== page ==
Western Wood-Pewee Contopus sordidulus 18 June 1984 1988 Northwest
Snowy Plover Charadrius nivosus 04 May 1987 1988 Southwest/Midwest/
Southeast
Hermit Warbler Setophaga occidentalis 10 Sept 1978 1989 Northwest
Brambling Fringilla montifringilla 12 Nov 1980 1989 Asia/Europe
Great-tailed Grackle Quiscalus mexicanus 07 Oct 1987 1989 Southwest
Magnificent Frigatebird Fregata magnificens 28 Sept 1988 1990 Southeast/Central America
Cave Swallow Petrochelidon fulva 21 April 1989 1990 Southwest
Broad-billed Hummingbird Cyanthus latirostris 16 Oct 1989 1990 Southwest
Black Rail Laterallus jamaicensis 14 June 1987 1991 Southeast
Ferruginous Hawk Buteo regalis 17 March 1990 1991 Midwest
Black-chinned Hummingbird Archilochus alexandri 25 May 1990 1991 Southwest
Wilson's Plover Charadrius wilsonia 26 May 1990 1991 Southwest/Southeast
Cassin's Finch Haemorhous cassinii 13 Aug 1990 1991 Southwest/Northwest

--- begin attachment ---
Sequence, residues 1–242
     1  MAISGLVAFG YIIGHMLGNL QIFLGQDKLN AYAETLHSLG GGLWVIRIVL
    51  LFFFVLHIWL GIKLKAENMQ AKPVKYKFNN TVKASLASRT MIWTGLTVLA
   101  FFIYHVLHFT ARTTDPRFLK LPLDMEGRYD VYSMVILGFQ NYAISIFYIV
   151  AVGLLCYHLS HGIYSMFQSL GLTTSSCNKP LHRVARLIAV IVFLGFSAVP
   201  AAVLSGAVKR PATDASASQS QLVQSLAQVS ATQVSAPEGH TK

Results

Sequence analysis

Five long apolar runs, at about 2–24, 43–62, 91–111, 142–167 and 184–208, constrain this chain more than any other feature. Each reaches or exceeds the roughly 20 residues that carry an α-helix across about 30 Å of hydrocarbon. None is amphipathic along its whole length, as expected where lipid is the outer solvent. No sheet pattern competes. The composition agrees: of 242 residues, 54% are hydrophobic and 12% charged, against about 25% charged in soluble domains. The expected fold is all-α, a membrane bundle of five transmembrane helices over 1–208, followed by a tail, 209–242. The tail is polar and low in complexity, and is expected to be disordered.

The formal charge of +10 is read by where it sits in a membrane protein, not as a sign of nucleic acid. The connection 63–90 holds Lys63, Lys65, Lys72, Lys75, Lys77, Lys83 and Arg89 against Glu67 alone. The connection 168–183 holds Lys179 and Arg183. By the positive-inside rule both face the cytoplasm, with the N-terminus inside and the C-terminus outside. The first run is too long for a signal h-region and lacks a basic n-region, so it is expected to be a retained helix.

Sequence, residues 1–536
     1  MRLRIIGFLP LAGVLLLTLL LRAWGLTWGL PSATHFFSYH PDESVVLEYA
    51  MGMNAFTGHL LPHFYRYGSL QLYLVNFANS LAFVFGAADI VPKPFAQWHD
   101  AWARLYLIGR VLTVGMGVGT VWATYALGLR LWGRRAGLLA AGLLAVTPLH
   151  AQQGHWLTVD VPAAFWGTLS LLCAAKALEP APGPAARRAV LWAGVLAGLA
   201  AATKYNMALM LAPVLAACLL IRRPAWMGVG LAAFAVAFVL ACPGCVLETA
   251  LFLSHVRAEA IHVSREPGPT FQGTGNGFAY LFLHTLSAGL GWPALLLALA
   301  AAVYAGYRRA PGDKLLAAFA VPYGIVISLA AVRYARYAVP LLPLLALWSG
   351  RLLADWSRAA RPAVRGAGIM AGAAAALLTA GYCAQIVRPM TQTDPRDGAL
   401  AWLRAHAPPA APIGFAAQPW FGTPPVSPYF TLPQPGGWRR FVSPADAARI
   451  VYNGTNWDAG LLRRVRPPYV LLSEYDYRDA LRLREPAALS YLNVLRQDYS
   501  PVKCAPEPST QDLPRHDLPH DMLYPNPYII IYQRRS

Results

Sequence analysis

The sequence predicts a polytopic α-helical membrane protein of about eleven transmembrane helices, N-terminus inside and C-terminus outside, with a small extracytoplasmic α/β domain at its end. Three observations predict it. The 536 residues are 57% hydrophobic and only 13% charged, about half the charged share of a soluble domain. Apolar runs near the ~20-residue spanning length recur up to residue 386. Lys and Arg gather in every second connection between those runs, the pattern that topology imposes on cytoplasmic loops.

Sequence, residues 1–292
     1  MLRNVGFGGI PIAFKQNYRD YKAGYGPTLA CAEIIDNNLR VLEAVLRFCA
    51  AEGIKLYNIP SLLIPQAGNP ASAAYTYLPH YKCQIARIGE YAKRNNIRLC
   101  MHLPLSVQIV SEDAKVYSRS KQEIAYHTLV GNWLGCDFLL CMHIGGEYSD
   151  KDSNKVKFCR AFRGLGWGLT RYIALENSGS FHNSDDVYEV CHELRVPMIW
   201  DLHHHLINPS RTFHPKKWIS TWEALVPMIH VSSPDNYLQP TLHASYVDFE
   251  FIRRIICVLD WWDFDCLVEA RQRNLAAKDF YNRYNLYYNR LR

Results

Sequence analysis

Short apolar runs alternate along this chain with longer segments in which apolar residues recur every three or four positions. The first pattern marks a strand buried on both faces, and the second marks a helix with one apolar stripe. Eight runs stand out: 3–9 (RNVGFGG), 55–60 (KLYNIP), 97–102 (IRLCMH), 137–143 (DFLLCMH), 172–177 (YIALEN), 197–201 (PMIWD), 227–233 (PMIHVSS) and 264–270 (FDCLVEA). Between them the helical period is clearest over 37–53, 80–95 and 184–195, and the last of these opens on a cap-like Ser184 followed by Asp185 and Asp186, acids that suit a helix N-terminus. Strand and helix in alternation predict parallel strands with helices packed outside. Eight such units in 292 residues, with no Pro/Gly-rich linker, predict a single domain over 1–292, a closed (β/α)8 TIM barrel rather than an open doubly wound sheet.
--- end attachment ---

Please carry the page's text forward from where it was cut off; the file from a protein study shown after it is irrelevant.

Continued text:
Black-capped Vireo Vireo atricapilla 27 April 1991 1992 Southwest
White-winged Tern Chlidonias leucopterus 08 May 1991 1992 Asia/Europe
Green Violetear Colibri thalassinus 30 June 1991 1992 Central America
Painted Bunting Passerina ciris 21 May 1978 1993 Southeast
Slaty-backed Gull Larus schistisagus 24 Nov 1991 1993 Asia
Pyrrhuloxia
Cardinalis sinuatus
23 Dec 2004 2012 Southwest
Table 2: New species added to the Ontario checklist with date of first observation, OBRC report publication year
and possible geographic area(s).
60 Ontario Birds August 2016
CHANGES
Common Name Scientific Name First observed Year Geographic origin
Hooded Oriole Icterus cucullatus 19 May 1992 1993 Southwest
Black-throated Sparrow Amphispiza bilineata 02 Oct 1992 1993 Southwest
Inca Dove Columbina inca 07 Oct 1992 1993 Southwest
Violet-green Swallow Tachycineta thalassina 28 Oct 1992 1993 Southwest/Northwest
Garganey Anas querquedula 18 April 1993 1994 Asia/Europe
Dusky Flycatcher Empidonax oberholseri 12 Sept 1993 1994 Northwest
Variegated Flycatcher Empidonomus varius 07 Oct 1993 1994 South America
Long-billed Murrelet Brachyramphus perdix 11 Oct 1993 1994 Asia